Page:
Expeditionary Economics, a field encompassing the many diverse reconstruction efforts and wartime contracting practices, has become a key “weapon” in the Pentagon’s stability operations in Iraq and Afghanistan. Significant resources have been dedicated to such efforts over the past decade, with hundreds of billions of dollars spent in the two countries. However, little is understood about the expeditionary economics’ mechanics, best practices and effectiveness.
In this report, Todd Harrison and John Speed Meyers assess the U.S. Expeditionary Economics effort employing four case studies: Iraq’s State-Owned Enterprises, Local-First Programs, the National Solidarity Program and Commander’s Emergency Response Programs.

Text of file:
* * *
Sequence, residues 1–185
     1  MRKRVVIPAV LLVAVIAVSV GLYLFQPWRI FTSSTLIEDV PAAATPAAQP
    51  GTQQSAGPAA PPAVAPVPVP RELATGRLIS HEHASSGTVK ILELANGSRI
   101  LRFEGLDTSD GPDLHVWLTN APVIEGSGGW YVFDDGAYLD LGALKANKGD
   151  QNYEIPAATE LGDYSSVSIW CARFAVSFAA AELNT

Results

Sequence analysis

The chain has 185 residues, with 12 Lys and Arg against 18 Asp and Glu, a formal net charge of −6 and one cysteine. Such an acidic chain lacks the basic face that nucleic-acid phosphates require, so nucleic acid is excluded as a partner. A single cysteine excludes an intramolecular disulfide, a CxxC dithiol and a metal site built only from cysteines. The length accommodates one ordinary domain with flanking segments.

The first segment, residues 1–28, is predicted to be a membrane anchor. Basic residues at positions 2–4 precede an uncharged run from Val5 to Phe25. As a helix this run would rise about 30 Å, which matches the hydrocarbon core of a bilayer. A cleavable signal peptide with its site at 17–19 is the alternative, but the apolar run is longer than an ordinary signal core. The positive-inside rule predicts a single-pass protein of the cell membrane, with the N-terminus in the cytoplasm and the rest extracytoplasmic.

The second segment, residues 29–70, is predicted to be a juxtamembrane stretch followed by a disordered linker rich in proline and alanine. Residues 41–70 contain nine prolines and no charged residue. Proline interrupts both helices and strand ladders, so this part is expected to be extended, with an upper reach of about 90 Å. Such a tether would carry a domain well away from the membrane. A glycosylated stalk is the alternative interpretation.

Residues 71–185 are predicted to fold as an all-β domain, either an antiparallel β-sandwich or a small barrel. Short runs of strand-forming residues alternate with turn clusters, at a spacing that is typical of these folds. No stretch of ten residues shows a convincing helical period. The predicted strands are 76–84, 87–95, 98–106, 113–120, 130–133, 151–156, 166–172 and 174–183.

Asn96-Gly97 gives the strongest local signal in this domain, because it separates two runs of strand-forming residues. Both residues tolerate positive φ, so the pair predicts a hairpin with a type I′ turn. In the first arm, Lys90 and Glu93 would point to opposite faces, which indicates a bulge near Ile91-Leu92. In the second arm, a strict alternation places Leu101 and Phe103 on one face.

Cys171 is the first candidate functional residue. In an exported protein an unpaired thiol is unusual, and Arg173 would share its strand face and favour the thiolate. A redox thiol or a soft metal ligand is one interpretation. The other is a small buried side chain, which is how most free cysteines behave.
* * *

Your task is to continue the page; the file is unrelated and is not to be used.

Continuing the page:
Through the analysis of these case studies the report articulates the limitations of contracting in a war-torn economy and identifies a number of important lessons. The study finds that creating the capability to evaluate reconstruction programs in near-real-time and doing so by employing the proper metrics would enhance their effectiveness. It concludes that if the U.S. military is to continue using money as a weapon system, it must develop a robust method of “battle damage assessment”. Harrison and Meyers believe that focus on field experiments and empirical methods must become the norm in determining what types of Expeditionary Economics are most effective. To facilitate this process, it must find an institutional home within the military.